• wa qqěsẹ́n pf.3pl.m. ‘and they closed/locked’ (Sarnelli: ōqqěs ‘to close/lock from outside’)
  • fellâ-sen preposition ‘on’ + 3pl.m. object pronoun ‘them’

yeglíg eṭṭufêili wu yěqqím qârîb i-îmi n tawō*rt.
The good-for-nothing was disturbed, and remained near to the doorway.

  • yeglíg impf.3sg.m. Arabic verb ‘to be disturbed’
  • qârîb ‘near’ from Arabic qarīb (note the interesting phenomenon of two Arabic loans appearing next to each other, each with a different realization of qaf; the first is no doubt a more recent loan, as no contemporary Libyan Arabic dialects have q.)
  • i– directional particle ‘to, toward’
  • îmi n. ‘mouth’ (i.e. the opening of the door, or doorway)
  • tawōrt ‘door’

yuséd ěssâyáf, yurâ tasergilt, yufâ ěṭṭufêǐli nẹ́tta ěddûni.
The executioner came, opened the lock, (and) found the good-for-nothing, he (was) bad(?).

  • yuséd pf.3sg.m. ‘he came’
  • ěssâyáf n. ‘executioner’ < Arabic السياف es-sayyāf ‘executioner, swordsman’
  • yurâ pf.3sg.m. ‘he opened’
  • tasergilt n.f. ‘lock’
  • yufâ pf.3sg.m. ‘he found’
  • nẹ́tta 3sg.m. independent pronoun ‘he’
  • ěddûni perhaps meaning something like ‘bad’ (some Arabic dialects have dūnī ‘bad’)

yussufō*ġ-t, ya‘bâ asíḥḥar.
He tossed him out, (and) wanted to kill (him).

  • yussufōġ-t pf.3sg.m. causative of yeffọ́ġ ‘to exit, go outside’ + 3sg.m. direct object clitic
  • ya‘bâ pf.3sg.m. ‘he wanted’ (takes an aorist verb)
  • asíḥḥar aor.3g.m. of the verb aḥḥar ‘to kill’ (originally from Arabic nḥr).

yeqqím itéll wu yěnnâs: nīš ingî sě ġúr-sen!
He began to weep and said to him: “I am not one of them!”

  • yeqqím itéll pf.3sg.m. yeqqím functions as inchoative with following impf. itéll 3sg.m. ‘to cry, weep’
  • nīš 1sg. personal pronoun ‘I’
  • ingî ‘not’ (Fogaha nk-)
  • sě ġúr-sen ‘one of them’, literally ‘one from them’ (see above)

yuzén assîyáf išâwar lěḥkûmet.
The executioner sent himself off (and) consulted the authorities.

  • yuzén pf.3sg.m. ‘he sent’
  • išâwar impf.3sg.m. of Arabic verb يشاور īšāwǝr ‘to consult’
  • lěḥkûmet n.f. ‘government’ from WLA l-eḥkūma

ěnnân-ās: ōḍbaḥîm-as anẹddiyûsěd.
They said to him: “Call him (and) we will come.”

  • ěnnân-ās pf.3pl.m. ‘they said’ (compare innân- in text II) + 3sg. indir.obj. pronoun
  • ōḍbaḥîm-as impv.2pl.m. ‘you call him’. the initial ō is odd, but the Arabic text simply has an alif.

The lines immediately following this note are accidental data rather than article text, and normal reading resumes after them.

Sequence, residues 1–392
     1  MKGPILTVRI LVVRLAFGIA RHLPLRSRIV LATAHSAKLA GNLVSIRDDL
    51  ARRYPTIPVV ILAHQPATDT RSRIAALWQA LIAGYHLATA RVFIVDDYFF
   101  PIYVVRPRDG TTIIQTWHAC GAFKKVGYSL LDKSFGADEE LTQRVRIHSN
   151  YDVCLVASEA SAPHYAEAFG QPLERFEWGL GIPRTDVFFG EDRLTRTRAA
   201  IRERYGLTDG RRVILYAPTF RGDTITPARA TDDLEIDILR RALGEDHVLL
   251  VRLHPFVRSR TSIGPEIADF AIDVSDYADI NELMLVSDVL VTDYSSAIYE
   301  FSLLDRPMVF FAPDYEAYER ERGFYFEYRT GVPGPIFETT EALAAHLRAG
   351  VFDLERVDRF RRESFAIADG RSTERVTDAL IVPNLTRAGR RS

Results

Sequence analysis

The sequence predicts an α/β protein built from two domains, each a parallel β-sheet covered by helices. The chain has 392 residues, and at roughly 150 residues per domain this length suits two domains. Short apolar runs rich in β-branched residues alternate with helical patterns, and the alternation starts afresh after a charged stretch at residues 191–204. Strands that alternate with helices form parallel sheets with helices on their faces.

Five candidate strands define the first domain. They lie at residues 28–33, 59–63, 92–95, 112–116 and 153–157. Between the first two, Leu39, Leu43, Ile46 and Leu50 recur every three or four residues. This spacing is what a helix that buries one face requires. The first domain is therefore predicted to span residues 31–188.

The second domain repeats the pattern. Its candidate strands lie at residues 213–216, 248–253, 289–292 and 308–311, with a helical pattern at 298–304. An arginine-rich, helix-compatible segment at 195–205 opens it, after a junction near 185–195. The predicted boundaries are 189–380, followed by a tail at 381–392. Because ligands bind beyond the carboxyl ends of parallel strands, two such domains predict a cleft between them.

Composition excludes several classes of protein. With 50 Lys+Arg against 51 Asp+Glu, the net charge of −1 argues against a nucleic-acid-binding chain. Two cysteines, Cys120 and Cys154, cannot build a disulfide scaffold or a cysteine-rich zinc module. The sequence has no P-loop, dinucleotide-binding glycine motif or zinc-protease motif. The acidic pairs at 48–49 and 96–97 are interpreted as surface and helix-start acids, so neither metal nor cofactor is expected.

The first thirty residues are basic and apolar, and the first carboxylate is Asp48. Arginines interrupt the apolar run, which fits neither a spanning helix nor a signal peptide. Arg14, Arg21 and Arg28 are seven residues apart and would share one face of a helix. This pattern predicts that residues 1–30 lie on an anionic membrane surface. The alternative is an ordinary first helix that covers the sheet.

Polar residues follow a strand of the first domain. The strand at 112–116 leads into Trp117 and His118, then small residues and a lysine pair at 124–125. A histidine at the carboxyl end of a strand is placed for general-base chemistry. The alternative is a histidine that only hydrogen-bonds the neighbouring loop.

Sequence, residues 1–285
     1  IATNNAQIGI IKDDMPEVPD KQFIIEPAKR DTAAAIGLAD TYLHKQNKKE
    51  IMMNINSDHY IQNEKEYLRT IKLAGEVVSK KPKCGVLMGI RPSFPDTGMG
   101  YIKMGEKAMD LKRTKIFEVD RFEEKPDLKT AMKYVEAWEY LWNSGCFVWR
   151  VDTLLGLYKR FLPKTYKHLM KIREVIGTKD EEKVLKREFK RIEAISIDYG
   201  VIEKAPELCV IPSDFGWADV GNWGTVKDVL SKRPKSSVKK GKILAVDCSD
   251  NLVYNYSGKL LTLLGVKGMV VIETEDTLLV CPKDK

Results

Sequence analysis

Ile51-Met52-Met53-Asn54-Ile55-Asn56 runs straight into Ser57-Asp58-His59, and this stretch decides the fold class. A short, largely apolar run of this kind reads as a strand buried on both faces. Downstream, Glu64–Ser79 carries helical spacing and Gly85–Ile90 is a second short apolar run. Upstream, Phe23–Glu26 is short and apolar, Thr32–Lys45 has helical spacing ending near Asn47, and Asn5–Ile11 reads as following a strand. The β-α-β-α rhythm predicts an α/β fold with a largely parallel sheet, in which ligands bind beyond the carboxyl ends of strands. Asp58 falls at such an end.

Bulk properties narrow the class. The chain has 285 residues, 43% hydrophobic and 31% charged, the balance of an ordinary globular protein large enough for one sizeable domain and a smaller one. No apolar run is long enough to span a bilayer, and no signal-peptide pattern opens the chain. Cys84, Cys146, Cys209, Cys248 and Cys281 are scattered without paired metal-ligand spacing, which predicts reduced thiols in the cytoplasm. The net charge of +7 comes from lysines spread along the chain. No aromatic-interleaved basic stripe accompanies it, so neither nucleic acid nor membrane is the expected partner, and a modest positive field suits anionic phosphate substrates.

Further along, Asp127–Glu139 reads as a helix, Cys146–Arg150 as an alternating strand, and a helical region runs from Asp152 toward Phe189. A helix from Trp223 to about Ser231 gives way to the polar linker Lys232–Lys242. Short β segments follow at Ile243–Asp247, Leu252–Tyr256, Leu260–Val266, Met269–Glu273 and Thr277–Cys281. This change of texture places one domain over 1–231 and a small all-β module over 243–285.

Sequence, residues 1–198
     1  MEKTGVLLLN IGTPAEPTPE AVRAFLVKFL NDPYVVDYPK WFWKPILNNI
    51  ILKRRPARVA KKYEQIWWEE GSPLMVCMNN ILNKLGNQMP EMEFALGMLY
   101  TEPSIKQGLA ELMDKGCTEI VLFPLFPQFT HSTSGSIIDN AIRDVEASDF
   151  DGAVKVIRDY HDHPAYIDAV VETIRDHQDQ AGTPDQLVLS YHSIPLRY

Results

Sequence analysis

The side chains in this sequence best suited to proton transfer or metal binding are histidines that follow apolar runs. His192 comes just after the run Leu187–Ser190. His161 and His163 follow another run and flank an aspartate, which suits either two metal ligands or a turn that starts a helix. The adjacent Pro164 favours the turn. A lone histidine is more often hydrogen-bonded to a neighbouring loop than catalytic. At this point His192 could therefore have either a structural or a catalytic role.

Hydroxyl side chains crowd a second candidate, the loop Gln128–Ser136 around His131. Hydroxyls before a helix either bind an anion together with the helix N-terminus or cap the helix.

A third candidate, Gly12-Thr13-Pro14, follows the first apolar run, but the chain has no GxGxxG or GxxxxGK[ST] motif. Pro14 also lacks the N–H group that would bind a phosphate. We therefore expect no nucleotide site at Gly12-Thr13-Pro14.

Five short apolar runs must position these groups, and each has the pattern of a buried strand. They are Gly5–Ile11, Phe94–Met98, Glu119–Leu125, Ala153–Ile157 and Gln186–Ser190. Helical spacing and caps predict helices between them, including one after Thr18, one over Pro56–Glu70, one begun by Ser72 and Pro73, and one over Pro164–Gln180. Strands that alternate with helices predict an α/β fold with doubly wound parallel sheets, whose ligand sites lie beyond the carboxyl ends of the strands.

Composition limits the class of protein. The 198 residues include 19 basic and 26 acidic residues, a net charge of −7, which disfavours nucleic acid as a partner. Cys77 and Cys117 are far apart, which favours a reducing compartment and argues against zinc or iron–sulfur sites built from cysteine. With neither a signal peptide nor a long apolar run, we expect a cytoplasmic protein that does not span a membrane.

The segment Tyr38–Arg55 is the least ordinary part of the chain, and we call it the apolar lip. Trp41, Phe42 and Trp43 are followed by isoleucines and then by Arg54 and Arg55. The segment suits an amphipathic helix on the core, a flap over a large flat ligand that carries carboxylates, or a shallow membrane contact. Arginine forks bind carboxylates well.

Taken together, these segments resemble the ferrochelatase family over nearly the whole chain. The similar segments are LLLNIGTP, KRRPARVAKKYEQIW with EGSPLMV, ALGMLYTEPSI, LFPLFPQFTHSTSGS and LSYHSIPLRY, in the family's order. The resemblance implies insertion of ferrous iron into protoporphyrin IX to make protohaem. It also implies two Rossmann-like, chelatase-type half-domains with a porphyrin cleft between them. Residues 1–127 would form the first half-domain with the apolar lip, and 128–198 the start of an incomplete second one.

• anẹddiyûsěd aor.1pl. ‘we will come’

yèmmadd-âsen eṭṭufêǐli ii-lěḥkûmet, yěnn-âsen: eṣṣanǎ‘āt-énnu ěl‘amr-é̱nnu kúll ṭufêǐli.
The good-for-nothing went to them, to the authorities, (and) said to them: “My trade, for my whole life (is that of) a good-for-nothing.”

  • yèmmadd-âsen pf.2sg.m. ‘he went’ + 3pl. indirect object ‘to them’
  • ii-lěḥkûmet directional particle i-/iyi- + n. ‘government, authorities’ (note double marking of indirect object of the verb)
  • eṣṣanǎ‘āt-énnu 1sg. possessive ‘my work, trade’
  • ěl‘amr-é̱nnu 1sg. possessive ‘my life’ (with ěl‘amr probably reflecting Arabic li-‘amr-ī ‘for my life’, rather than ěl- being the definite article.)
  • kúll ‘all, whole’ < Arabic kull ‘all’

yěnn-âs el-ḥâkim: in kān atétrāk eṣṣana‘āt-énnek, aksárrax.
The judge said: “If you leave your trade, I’ll set you free.”

  • el-ḥâkim n. ‘judge’ < Arabic el-ḥākim ‘judge’
  • in kān atétrāk conditional construction headed by Arabic in kān ‘if’
  • eṣṣana‘āt-énnek 2sg.m. possessive ‘your trade’
  • aksárrax aor.1sg. (?) Sarnelli’s transcription has aksárrah (with -h not -ẖ), even though the Arabic text has ح [ḥ]; perhaps the dot was just omitted, since we’d expect a 1sg. ending here.

yěnn-âs: térkěẖ eṣṣân‘āt ěddâl ḥáttā kān ‘ázzǎmen fěllâ, āmadíx abādé̱n!
(The good-for-nothing) said to him: “I have (already) abandoned this trade. Even if they invited (me), I would never go!”

  • térkěẖ pf.1sg. ‘I left’ of Arabic root taraka ‘to leave’
  • ḥáttā kān Arabic conditional ‘even if’, followed by perfect verb
  • ‘ázzǎmen pf.3pl.m. of Arabic verb ‘azzam ‘to invite’
  • fěllâ This preposition has not yet occurred without an indirect object suffix, so I’m not completely sure what its function is here. Perhaps it is just a peculiar form of the 1sg., with féll– marking the object of the verb (note that in Awjili felli- becomes felliwi in the 1sg.).
  • āmadíx aor.1sg. ‘to go’
  • abādé̱n adv. ‘never’ from Arabic abadan ‘never’
 -A. Benkato